Saturday evening I was up in Nyack, NY at the Edward Hopper House Art Center attending a talk by the set designer James Youmans. He was a great presenter. His talk got me thinking that both set designers and landscape painters have the same job- to lend a sense of personality to an empty space. I think in the back of the mind of any realist painter is a sort of imagined theater stage waiting to be populated with buildings, forests, mountain ranges, you name it. I know I think that way.
Leaving the Art Center, which was the birthplace and boyhood home of Hopper, I walked to my car parked on the side street and slid behind the wheel. This is the view that confronted me through my windshield. The nearly full moon had just risen and was brightly reflecting in the second floor window of Hopper's house. Hopper must have seen just this scene dozens of times growing up. Certainly he drank it in deeply, as the feeling of it kept coming back in so many of the oils he was to paint in subsequent years.
I've spent lots of time up on Cape Cod, sometimes staying and working in Hopper's Cape Cod studio in South Truro, other times in nearby Wellfleet or Provincetown. Looking at the Hopper place in Nyack Saturday night I couldn't help but be reminded of Hopper's painting of an inn in Provincetown, Rooms for Tourists. The house is still there on Bradford Street, looking every bit as it did in Hopper's oil.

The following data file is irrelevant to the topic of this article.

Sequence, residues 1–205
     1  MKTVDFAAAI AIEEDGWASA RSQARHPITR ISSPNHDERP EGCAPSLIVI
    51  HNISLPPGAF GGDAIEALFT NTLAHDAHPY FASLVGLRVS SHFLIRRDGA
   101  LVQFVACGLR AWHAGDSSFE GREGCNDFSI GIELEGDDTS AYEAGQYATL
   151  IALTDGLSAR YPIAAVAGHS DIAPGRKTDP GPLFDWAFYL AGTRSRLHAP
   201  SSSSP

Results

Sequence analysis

It's a painting that celebrates the color of light, cooler highlights on the outside of the building and warmer light inside. Look at how Hopper sneaks into the composition the play between the orderly windows on the illuminated front of the house and the irregular geometry of the lights in its shadowed left side. Hopper is saying to us "look at how surprising even the most ordinary of scenes really is." That is art doing its job of waking us up and showing us that living is extraordinary, despite our tendency to allow our senses to cloud over and our feelings to dull.
Of course the other Hopper that comes to mind is his oil Summer Evening. Surely he based it in large part on his Nyack porch. There's a feeling of awkwardness to the scene- the young woman's rigidly straightened out pose compared to the man's more relaxed and asymmetrical positioning. I always imagined them to be a romantic couple where things might not be working out so well (please tell me I'm not the only one writing that script for these two).
Hopper has far fewer forms to work with in this composition than in the preceding oil. So instead he maximizes the expressiveness of the clapboard siding on the front wall of the house, taking great pains to gradate the color and tone of the light as it falls from the overhead porch lamp. There's a real glare to the lighting that adds a certain unease to the mood of the figures.
Just for a contrasting view of relationships, look at this wood engraving by Hopper's classmate at the New York School of Art, Rockwell Kent. Like Hopper's couple, the two figures are bathed in a sharp light from the above left. And they pose against an inky blackness. But there the similarity ends, as Kent prefers to strike a more gentle, sensuous, and far more optimistic note.